Iraq's parliament Monday (April 9th) established the first independent human rights commission in the country, also approving the selection of its 11 members and three substitutes.
Voting on commission members and the establishment of the commission was the result of intense and exhaustive efforts made by Iraq's parliamentary committee on human rights over the course of the year, said Salim al-Jubury, the chairman of the committee.
"During that period and through the committee [meeting held to select] the commission's council, which includes members of parliament, legal experts and civil activists, the committee screened and checked the resumes of 3,085 individuals who had submitted applications to become commission members, and the final choice was made to select 14 candidates," he told Mawtani.
"The selected candidates come from different social backgrounds, they have long experience in the field of human rights and are well known for their integrity, which encouraged the 181 parliament members attending [Monday's] session to give them a clear majority vote," he said.
The law governing the new commission, the Independent High Commission for Human Rights, was approved by Iraq's parliament in 2008. It stipulates that the council of commissioners be composed of 11 full members and three reserve members. According to the law, women should make up no less than one third the number of council members. Minorities must represented by at least one full member and one reserve member.
The law also limits the period of membership in the council to four years and states that the commission must be an administratively and financially independent body that enjoys wide powers of observation, follow-up and investigation.
Among the commission's powers is the right to receive complaints from individuals, groups and civil society institutions on human rights violations, the right to investigate these complaints, and the right to file suits and refer them to the prosecutor general.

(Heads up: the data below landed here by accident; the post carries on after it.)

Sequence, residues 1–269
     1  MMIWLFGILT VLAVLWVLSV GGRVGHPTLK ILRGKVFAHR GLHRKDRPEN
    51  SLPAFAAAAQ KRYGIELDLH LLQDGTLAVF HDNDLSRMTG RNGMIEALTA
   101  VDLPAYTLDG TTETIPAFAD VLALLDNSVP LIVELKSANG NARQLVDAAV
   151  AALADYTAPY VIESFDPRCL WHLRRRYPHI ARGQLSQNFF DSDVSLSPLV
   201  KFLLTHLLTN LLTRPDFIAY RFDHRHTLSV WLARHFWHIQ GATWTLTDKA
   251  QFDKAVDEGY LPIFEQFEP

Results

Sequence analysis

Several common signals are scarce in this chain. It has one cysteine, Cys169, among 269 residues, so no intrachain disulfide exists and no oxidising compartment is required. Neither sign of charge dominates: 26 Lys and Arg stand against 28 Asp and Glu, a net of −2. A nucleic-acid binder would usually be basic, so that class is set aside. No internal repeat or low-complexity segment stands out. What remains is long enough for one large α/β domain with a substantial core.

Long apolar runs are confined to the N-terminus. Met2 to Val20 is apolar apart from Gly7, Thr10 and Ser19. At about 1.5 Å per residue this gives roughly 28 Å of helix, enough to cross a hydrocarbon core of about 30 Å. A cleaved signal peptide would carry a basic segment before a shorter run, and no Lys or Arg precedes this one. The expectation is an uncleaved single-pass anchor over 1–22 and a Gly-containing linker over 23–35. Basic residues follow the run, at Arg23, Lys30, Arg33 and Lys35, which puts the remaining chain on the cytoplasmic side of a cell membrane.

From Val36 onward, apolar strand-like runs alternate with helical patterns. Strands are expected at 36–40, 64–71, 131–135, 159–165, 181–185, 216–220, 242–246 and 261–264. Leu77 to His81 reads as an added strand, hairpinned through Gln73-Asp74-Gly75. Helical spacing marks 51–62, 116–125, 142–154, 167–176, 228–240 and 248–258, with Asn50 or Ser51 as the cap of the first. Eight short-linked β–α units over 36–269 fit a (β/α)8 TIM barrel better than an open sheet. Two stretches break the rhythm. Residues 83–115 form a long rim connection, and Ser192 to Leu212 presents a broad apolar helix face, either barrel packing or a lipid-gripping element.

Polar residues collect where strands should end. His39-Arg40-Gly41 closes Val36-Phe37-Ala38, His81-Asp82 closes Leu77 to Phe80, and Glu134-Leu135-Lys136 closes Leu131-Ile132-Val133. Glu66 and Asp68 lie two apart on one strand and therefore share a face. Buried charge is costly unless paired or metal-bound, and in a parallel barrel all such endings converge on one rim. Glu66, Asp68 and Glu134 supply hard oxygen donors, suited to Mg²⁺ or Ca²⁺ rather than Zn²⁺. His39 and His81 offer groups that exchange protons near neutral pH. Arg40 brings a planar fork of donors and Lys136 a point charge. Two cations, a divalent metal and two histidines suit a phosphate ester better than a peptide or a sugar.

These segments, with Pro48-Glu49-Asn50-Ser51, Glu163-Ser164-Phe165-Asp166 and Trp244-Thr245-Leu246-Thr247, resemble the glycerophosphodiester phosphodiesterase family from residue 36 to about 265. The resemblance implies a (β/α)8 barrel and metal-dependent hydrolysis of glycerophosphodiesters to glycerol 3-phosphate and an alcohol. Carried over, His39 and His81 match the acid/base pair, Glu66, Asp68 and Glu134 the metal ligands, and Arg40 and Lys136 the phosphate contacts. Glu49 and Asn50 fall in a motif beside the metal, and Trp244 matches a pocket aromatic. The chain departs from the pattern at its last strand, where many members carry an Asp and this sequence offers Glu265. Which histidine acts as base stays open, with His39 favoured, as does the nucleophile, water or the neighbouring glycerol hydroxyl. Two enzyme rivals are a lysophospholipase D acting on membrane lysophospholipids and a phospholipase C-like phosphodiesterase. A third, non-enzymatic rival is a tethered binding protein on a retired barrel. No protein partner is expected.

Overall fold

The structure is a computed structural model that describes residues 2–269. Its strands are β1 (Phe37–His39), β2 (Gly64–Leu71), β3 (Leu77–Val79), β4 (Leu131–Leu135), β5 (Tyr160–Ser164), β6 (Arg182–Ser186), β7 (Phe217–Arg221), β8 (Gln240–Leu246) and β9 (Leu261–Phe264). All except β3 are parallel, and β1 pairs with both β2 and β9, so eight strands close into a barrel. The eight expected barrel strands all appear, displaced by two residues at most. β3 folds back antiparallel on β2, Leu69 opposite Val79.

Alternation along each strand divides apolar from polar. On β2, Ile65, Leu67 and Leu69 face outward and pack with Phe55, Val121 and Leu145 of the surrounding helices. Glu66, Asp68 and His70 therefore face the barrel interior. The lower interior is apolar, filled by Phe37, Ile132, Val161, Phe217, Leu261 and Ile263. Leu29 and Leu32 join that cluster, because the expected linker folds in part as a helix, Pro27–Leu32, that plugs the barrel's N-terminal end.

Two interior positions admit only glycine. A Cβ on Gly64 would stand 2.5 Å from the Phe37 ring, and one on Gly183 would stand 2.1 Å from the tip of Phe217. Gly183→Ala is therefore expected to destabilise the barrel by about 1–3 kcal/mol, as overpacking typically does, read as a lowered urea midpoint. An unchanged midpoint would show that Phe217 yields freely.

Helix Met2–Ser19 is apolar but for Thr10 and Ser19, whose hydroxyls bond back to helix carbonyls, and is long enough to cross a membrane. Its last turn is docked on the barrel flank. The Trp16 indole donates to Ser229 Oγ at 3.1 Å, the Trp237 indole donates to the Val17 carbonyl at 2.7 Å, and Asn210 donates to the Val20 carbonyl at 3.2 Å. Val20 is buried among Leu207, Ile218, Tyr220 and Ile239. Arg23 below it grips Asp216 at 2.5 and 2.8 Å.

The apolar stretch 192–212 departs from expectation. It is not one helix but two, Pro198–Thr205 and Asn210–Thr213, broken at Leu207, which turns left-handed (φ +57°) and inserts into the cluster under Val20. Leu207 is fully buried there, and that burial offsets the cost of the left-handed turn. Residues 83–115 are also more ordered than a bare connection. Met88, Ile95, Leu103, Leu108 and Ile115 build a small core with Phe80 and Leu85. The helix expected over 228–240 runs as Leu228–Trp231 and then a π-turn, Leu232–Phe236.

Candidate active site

It also has the power to visit prisons and correctional to meet with convicts and detainees to investigate any evidence of human rights violations and to inform the authorities to take legal measures if evidence is found.
"The commission will assume numerous tasks, such as preparing studies and research, submitting recommendations and expressing opinions and proposals on issues related to reinforcing and developing the principle of human rights," Ali Shubbar of parliament's human rights committee told Mawtani.
"Also among its responsibilities is the promotion of a culture of human rights by introducing this culture into learning and educational curricula, and organising conferences, seminars, artistic and social activities, and media programmes, as well as submitting an annual report to parliament containing a general evaluation of the state of human rights in Iraq," he said.
"The commission will strive to co-ordinate and co-operate with the civil society organisations operating in the area of human rights in Iraq and maintain contacts with independent non-governmental international human rights institutions," Shubbar said.
Kamil Ameen, spokesperson for Iraq's Ministry of Human Rights described the establishment of the commission as "a historic accomplishment".
"Establishing the commission does not mean there is no longer a need for the human rights ministry, as there is no article in the law on the commission indicating that the latter would replace the ministry, because although there is an overlap in the work of the two institutions, there are still some cases which strictly fall within our ministry's specialisation," he told Mawtani.
"Some of those cases which are under our jurisdiction are the fate of the Iraqi prisoners and the missing, documentation of the former regime's violations, mass graves and the victims of terrorism, but the most important issue is preparing periodic reports on Iraq's compliance with international human rights conventions," Ameen said.
Human rights activists also welcomed the step.
"I welcome this step of establishing the commission, and feel satisfied that the members of the council of commissioners represent different faiths and ethnicities, that they are independent from any partisan or political affiliation, and they are at a high level of professionalism and competence," activist Hana Edwar told Mawtani.